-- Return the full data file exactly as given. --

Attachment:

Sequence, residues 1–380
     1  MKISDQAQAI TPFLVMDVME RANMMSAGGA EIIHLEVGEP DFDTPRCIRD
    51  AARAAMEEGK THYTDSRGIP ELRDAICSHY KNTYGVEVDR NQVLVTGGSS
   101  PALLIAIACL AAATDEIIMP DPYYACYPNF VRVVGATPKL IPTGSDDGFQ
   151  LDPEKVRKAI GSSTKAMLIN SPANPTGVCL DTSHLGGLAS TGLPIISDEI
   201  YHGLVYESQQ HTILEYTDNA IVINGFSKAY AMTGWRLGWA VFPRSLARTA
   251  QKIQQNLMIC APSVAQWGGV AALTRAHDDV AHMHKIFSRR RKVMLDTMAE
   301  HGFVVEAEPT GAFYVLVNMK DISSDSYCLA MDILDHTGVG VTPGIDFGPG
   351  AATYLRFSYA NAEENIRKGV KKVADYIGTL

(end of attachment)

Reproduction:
Sequence, residues 1–380
     1  MKISDQAQAI TPFLVMDVME RANMMSAGGA EIIHLEVGEP DFDTPRCIRD
    51  AARAAMEEGK THYTDSRGIP ELRDAICSHY KNTYGVEVDR NQVLVTGGSS
   101  PALLIAIACL AAATDEIIMP DPYYACYPNF VRVVGATPKL IPTGSDDGFQ
   151  LDPEKVRKAI GSSTKAMLIN SPANPTGVCL DTSHLGGLAS TGLPIISDEI
   201  YHGLVYESQQ HTILEYTDNA IVINGFSKAY AMTGWRLGWA VFPRSLARTA
   251  QKIQQNLMIC APSVAQWGGV AALTRAHDDV AHMHKIFSRR RKVMLDTMAE
   301  HGFVVEAEPT GAFYVLVNMK DISSDSYCLA MDILDHTGVG VTPGIDFGPG
   351  AATYLRFSYA NAEENIRKGV KKVADYIGTL